The subject matter of the Brhat Jataka is quiet elaborate and there are 28 chapters in this treatise. Each chapter respectively deals with- 1) On Zodiacal Signs, 2) On the Planets, 3) On the Manifold Births, 4) On Impregnation, 5) On Birth Matters, 6) On Early Death, 7) On the Length of Life of a Child, 8) On Dasas and Antardasas, 9) On Ast akavarga, 10) On Avocation, 11) On Raja Yoga, 12) On Nabhasa Yogas, 13) On Lunar Combinations, 14) On any two Planets in anyone Sign, 15) On Ascetic Yogas, 16) On the Moon and Stars, 17) On the Moon and the Zodiac, 18) On the Planets and the Zodiac, 19) On Aspects, 20) On the Planets in the Twelve Houses or Bhavas, 21) On Asraya Yoga, 22) On Miscellaneous Planetary Combinations, 23) On Evils, 24) On Female Horoscopes, 25) On Death, 26) On Lost Horoscopes, 27) On the Decanates, and 28) On Conclusion, in that order. In these chapters, Varaha has very earnestly tried to put the fruits of the birth. of a being in this world. This treatise has become so popular in the past that there are more than 100 latter works on Astrology such as Saravall etc. which are based on this treatise. This treatise was compiled somewhere during 505-587 A.D. At the end of this treatise, Varaha has given a brief introduction of himself in which he has mentioned himself to be a native of Kapitthapura near the modern city of Ujjain.

 

Every person in this world desires to know about the future of himself and his or her relatives. Varaha has successfully demonstrated the results of each zodiac sign on the life of a Jataka according to the planetary positions in his or her horoscope. This book is very important for the students and readers of astrological science.

 

It has been published presently with the Original Sanskrit Text and side by side English Translation of Swami Vijnananand. The English translation is assisted and supported with various examples, illustrations and notes at appropriate places. There is an Index of Verses at the end of the book for ready reference to readers. I hope this publication of the Brhat Jataka by Parimal Publications, Delhi will prove to very useful for the students and readers on Indian Astrological science.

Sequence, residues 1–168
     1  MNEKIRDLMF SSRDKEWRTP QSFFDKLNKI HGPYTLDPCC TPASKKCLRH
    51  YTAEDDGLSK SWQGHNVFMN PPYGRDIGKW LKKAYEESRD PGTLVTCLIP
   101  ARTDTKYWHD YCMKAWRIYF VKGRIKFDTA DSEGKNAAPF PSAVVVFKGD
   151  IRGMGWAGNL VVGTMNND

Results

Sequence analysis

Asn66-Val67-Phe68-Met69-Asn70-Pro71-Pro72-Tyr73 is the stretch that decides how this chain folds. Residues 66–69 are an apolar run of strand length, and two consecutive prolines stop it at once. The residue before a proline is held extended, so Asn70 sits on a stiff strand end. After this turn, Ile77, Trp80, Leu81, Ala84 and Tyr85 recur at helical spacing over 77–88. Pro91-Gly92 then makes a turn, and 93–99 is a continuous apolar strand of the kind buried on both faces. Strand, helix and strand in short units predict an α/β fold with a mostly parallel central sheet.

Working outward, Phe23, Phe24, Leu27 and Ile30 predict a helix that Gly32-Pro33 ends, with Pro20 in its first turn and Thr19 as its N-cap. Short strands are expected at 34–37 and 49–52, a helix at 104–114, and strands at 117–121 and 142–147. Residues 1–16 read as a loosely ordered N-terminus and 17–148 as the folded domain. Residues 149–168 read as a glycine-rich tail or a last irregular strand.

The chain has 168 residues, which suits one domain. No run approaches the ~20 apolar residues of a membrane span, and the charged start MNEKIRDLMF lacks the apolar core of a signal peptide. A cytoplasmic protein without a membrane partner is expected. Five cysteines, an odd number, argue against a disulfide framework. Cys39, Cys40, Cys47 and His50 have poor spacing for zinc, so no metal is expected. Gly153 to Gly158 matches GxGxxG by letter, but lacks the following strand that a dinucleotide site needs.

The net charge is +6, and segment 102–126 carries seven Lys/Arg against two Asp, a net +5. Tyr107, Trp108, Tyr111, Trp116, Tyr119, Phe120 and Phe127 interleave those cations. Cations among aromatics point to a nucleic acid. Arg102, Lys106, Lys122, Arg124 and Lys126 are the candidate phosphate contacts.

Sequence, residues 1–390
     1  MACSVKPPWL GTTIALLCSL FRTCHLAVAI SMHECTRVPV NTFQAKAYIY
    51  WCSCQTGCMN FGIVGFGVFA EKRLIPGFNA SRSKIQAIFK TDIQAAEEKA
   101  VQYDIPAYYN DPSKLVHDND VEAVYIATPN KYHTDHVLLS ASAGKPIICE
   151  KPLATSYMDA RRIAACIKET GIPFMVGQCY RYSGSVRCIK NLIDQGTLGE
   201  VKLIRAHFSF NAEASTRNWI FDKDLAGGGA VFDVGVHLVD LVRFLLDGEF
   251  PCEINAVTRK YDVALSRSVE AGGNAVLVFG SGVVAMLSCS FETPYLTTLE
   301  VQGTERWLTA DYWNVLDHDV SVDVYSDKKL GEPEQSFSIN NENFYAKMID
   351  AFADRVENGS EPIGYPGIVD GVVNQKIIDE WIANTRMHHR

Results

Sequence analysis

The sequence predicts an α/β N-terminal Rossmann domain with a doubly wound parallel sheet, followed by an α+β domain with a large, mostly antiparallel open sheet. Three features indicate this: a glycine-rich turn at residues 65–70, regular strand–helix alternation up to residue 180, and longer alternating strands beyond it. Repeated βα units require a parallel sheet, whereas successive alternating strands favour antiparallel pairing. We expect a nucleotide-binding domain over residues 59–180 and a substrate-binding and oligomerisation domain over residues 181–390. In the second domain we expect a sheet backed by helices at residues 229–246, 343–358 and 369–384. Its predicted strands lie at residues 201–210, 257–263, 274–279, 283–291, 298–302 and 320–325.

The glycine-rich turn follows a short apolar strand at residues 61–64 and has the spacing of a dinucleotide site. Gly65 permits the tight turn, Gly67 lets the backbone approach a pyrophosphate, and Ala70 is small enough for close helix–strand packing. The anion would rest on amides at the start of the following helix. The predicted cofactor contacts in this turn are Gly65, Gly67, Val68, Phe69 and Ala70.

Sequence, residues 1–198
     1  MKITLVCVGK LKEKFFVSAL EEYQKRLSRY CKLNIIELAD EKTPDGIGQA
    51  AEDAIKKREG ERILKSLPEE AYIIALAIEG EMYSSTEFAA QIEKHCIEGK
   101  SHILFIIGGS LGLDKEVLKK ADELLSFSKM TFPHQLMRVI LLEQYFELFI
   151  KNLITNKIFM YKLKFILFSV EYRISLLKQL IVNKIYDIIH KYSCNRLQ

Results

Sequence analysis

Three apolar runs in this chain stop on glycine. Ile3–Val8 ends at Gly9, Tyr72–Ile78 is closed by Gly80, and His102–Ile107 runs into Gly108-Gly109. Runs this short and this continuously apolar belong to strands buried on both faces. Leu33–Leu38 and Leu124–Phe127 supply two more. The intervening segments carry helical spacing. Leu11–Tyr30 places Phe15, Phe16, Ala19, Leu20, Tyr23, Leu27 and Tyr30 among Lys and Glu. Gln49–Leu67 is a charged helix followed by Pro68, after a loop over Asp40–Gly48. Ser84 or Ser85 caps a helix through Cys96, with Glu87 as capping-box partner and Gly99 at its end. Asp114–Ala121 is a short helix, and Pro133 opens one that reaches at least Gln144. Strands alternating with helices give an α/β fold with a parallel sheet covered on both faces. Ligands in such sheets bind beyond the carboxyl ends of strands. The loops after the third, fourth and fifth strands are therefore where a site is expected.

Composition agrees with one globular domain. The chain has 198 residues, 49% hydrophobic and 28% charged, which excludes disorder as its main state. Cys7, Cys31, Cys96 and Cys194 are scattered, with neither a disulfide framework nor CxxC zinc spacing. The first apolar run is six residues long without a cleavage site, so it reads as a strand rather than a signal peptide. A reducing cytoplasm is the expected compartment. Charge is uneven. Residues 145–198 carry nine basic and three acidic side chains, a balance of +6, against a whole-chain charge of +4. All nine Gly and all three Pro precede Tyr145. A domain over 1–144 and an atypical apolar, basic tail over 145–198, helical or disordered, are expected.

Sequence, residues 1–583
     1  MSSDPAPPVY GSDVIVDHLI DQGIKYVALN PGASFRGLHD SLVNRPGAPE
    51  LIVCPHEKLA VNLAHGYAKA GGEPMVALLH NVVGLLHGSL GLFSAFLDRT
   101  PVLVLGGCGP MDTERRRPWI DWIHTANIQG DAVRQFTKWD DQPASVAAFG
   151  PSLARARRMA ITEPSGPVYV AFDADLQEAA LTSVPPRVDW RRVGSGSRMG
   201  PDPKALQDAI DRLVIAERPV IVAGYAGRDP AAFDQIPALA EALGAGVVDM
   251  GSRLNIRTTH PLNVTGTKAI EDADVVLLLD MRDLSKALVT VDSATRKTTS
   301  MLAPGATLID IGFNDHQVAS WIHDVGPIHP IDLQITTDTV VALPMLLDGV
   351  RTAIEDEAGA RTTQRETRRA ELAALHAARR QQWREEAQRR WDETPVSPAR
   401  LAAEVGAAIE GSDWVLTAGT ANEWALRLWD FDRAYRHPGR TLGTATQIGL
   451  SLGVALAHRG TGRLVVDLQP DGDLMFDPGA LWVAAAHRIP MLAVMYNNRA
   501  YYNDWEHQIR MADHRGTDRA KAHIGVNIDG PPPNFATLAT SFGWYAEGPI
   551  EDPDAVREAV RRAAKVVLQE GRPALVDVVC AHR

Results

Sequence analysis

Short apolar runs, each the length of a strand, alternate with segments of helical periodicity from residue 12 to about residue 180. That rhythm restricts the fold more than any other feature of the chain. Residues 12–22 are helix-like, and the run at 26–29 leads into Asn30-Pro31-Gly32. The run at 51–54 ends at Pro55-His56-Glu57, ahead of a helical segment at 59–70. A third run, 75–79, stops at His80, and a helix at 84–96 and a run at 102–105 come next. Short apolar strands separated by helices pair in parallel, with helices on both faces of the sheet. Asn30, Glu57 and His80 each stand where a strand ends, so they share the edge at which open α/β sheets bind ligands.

Contents

 

 

Foreword

V

 

Preface

Ix

I

Zodiacal Signs

1

II

The Planets

41

III

The Manifold Births

68

IV

Impregnation

77

V

Birth Matters

100

VI

Early Death

123

VII

The Length of Life of a Child

134

VIII

Dasas and Antardasas

162

IX

Astaka Varga

196

X

Avocation

206

XI

Raja Yoga

211

XII

Nabhasa Yogas

228

XIII

Lunar Combinations

252

XIV

Any two Planets in anyone Sign

266

XV

Ascetic Yogas

271

XVI

The Moon and Stars

277

XVII

The Moon and the Zodiac

286

XVIII

The Planets and the Zodiac

298

XIX.

Aspects

321

XX.

The Planets in the Twelve Houses or Bhavas

333

XXI.

Asraya Yoga

344

XXII.

Miscellaneous Planetary Combinations

354

XXIII.

Evils

360

XXIV.

Female Horoscopes

377

XXV.

Death

391

XXVI.

Lost Horoscopes

404

XXVII.

The Decanates of the Zodiac

424

XXVII.

Conclusion

442

 

Appendix

448

 

Index of Verses

451

 

Sample Pages















The Brhajjatakam of Varaha Mihira

Item Code:
NAK667
Cover:
Hardcover
Edition:
2015
ISBN:
9788171105304
Language:
Sanskrit Text with Word to Word Meaning and English Translation
Size:
8.5 inch x 5.5 inch
Pages:
458
Other Details:
Weight of the Book: 640 gms
Price:
$35.00
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$26.25   Shipping Free
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About the Book

 

The Jyotisa Sastra is counted as one of the six angas of the Vedas. All the religious rites and sacrifices of the Hindus are guided by Astronomy and Astrology, both of which are included in the Jyotisa Sastra. Indeed, Astrology is considered as the eye of the Vedas. Astrology gives us the know ledge of our past karmas, how to fight against it, as well as how to work out our fresh deeds, so that we can get rid of this wheel of karma and be free.

 

The Brhat Jataka of Varaha Mihira is generally considered all over India as one of the best and most authoritative treatises on the science of Hindu Horoscopy. In fact, Varaha Mihira is recognised as the greatest of the Indian Astrologers. There are four commentaries on this work. The well-known is that of Bhatta Utpala; another is known as Subodhini; the third is Mudraksari, and the fourth is known as Sripatiyam. The commentary of Bhatta Utpala is followed in this work.

 

The present edition of Brhajjataka includes original Sanskrit text and side by side English translation of Swami Vijnananand. The English translation is assisted and supported with various examples and notes at appropriate places. There is an Index of verses at the end of the book for ready reference of readers.

 

Foreword

 

The Jyotisa Sastra is counted as one of the six angas of the Vedas. All the religious rites and sacrifices of the Hindus are guided by Astronomy and Astrology, both of which are included in the Jyotisa Sastra, Indeed, Astrology is considered as the eye of the Vedas.